Jurors at the murder trial of a former Arizona police officer were shown a video Thursday of the lawman killing an unarmed man who sobbed and begged not to be shot, marking the first time the full body-camera footage has been shown in public.
The video aired in the case against Philip Brailsford shows Daniel Shaver of Granbury, Texas, laying face-down in a hallway outside his Mesa hotel room in January 2016 as police responded to a call that someone was pointing a gun out of a window.
A police supervisor can be heard shouting commands at Shaver, who disobeys some of the orders but doesn't voice any threats toward officers.
"Please do not shoot me," Shaver said.
Brailsford opened fire when Shaver, who had been ordered to crawl toward officers, reached toward the waistband of his shorts. The officer believed Shaver was reaching for a gun.
Authorities have said it looked as though Shaver was pulling up his loose-fitting basketball shorts that had fallen down as he crawled.
"Daniel Shaver drew his last breath on his hands and knees," prosecutor Susie Charbel told jurors, pointing out that none of the other officers in the hallway fired a shot.
Brailsford, 26, is one of the few police officers in the U.S. to be charged with murder after an on-duty shooting.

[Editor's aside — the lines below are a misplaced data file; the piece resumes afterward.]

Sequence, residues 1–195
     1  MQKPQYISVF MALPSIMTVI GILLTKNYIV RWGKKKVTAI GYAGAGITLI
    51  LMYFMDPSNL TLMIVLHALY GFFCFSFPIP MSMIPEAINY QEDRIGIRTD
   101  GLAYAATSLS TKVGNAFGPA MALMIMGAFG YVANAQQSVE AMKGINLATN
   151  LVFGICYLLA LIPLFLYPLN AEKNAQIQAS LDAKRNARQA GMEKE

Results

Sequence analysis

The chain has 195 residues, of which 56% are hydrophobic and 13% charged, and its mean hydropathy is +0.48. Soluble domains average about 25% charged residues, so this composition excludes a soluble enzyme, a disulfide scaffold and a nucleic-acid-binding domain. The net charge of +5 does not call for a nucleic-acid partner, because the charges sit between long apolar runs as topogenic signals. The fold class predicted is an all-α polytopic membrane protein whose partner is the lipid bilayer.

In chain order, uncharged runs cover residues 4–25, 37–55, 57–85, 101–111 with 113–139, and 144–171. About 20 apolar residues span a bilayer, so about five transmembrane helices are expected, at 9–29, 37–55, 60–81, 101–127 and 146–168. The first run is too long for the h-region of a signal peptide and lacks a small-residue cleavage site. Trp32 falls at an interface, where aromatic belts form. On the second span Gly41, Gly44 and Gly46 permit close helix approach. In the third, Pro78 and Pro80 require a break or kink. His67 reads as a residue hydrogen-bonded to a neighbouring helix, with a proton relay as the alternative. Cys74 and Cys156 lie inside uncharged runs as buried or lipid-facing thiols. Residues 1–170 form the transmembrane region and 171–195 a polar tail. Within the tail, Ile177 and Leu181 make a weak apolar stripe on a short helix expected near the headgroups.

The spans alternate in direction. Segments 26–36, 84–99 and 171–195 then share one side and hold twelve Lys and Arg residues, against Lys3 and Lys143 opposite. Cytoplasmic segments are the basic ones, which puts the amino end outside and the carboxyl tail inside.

Brailsford attorney Michael Piccarreta told jurors his client had to make a difficult, split-second decision about protecting himself and others.
"Mr. Shaver wasn't going to get shot until he moves his hand behind his back," Piccarreta said.
Shaver's widow cried as the video was shown, and his parents left the courtroom shortly after it started playing.
A previously released portion of the video showed officers taking cover in doorways and crouching down on their knees as they waited for Shaver to exit his room. But that edited version ended when someone walks out of the hotel room and didn't show the shooting.
The portion played for jurors shows Shaver being shot.
Judge George Foster barred news organizations from broadcasting the shooting video, agreeing with Brailsford's argument that it could hurt his fair-trial rights. The Associated Press and other news organizations objected to the request, arguing the public has a First Amendment right to see the video.
No weapons were found on Shaver's body, but two pellet rifles related to his pest-control job were later found in the room.
The prosecutor said a pellet rifle was pointed out the window for 30 to 45 seconds because Shaver wanted to show another man in his hotel room how far the rifle's scope allowed him to see.
"No shots had been fired. No one had been threatened," Charbel said.
Brailsford served as a Mesa officer for about two years before he was fired for violations of departmental policy, including unsatisfactory performance.
If convicted of second-degree murder, he could face 10 to 25 years in prison.